(this article appears in the May 2019 edition of The Humm).
Long before Thomas Keating, Thomas Merton or Pema Chodron started cluttering up my bookshelves, Robert Fulghum introduced me to the art and practice of mindfulness. Thankfully, he didn’t call it as such—back in those days I wasn’t yet ready for things as wild, weird, and out there as “mindfulness” “meditation” “sacred living” or “contemplative practice.” That kind of thing was for folks who took spirituality stuff seriously—and that was NOT me. I so loved the way Mr. Fulghum saw ordinary life through a sacred lens, though. I believed him when he said that if people would simply apply what they had learned in kindergarten (i.e.: “...share everything, play fair, say you’re sorry, take a nap, be aware of wonder and LOOK”) we would all be a whole lot healthier and happier. So I kept reading....
His ‘kindergarten musings’ tapped into something that I didn’t yet have language for. In the years that followed, I devoured everything Mr. Fulghum wrote, an eager student wanting to learn how to see the world the way he saw it. “Words I Wish I Wrote” was my textbook for accessible philosophy and theology. The snippets of wisdom found on those pages from Bob Dylan, Bull Durham, Annie Dillard and others started me on a lifelong scavenger hunt, looking for wisdom in the everyday, ordinary songs and stories of life. And “From Beginning to End: the Rituals of Our Lives” was the instruction manual I would turn to again and again in the years to come, its pages quickly becoming torn and dog-eared, covered in yellow highlighter marks and notes in the margins as I began my own career as ritual-maker and noticer of the ordinary sacred. I turns out I was one of “those people” who took spirituality stuff seriously after all.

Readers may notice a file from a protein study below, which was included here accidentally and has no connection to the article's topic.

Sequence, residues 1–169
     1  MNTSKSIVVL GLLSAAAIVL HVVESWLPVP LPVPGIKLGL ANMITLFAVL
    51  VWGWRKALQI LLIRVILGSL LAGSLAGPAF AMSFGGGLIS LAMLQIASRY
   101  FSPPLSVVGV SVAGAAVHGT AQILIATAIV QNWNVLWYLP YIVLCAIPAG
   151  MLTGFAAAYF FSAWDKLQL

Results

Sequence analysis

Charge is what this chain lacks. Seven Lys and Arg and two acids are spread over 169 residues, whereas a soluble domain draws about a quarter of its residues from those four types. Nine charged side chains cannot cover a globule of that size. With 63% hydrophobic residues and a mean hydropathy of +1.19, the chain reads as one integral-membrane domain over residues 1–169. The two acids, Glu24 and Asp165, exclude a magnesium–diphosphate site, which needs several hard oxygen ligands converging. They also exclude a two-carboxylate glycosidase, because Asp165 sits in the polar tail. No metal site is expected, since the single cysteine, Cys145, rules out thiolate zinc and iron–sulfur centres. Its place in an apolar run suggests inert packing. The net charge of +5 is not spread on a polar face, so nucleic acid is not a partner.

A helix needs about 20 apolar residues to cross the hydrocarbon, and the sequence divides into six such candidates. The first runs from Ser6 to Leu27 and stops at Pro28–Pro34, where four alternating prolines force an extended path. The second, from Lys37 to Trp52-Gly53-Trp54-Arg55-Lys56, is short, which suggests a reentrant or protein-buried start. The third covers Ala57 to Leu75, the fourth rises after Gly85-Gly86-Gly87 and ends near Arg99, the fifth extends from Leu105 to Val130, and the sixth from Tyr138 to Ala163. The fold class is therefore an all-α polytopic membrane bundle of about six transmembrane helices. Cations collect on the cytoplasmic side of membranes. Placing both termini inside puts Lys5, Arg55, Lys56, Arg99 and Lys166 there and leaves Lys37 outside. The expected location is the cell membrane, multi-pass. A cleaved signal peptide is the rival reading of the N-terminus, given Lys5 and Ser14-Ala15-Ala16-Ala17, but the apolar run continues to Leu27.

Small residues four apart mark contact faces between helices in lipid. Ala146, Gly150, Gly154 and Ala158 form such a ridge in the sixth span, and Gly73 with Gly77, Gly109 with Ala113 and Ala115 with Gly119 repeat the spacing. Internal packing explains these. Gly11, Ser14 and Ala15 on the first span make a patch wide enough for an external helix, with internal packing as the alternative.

It has been more than thirty years since I first read “All I Needed to Know I Learned in Kindergarten”...and yet this quote from that book is one of only a few things worthy of a place on the wall above my desk:
“Without realizing it, we fill important places in each other’s lives. It’s that way with the guy at the corner grocery, the mechanic at the local garage, the family doctor, teachers, neighbors, co-workers. Good people who are always “there,” who can be relied up on small, important ways. People who teach us, bless us, encourage us, support us, uplift us in the daily-ness of life. We never tell them. I don’t know why, but we don’t. And of course, we fill that role ourselves. There are those who depend on us, watch us, learn from us, take from us. And we never know. You may never have proof of your importance, but you are more important than you think. There are always those who couldn’t do without you. The rub is that you don’t always know who.”
You might not realize the difference you make in the world, but you do. And you might not always say ‘thanks’ to the people who make a difference to you but it’s not too late to start. Give it a try: it’s a simple way to practice the art of sacred living. I’ll go first:
Dear Mr. Fulghum: you have no idea how much you have messed up my life in the very best possible ways these past 30+ years. The ordinary stuff really is the sacred stuff of life, eh? Thanks for pointing that out. I owe you. Big. I’ll keep doing what I can to pay it forward. Yours truly, Angie.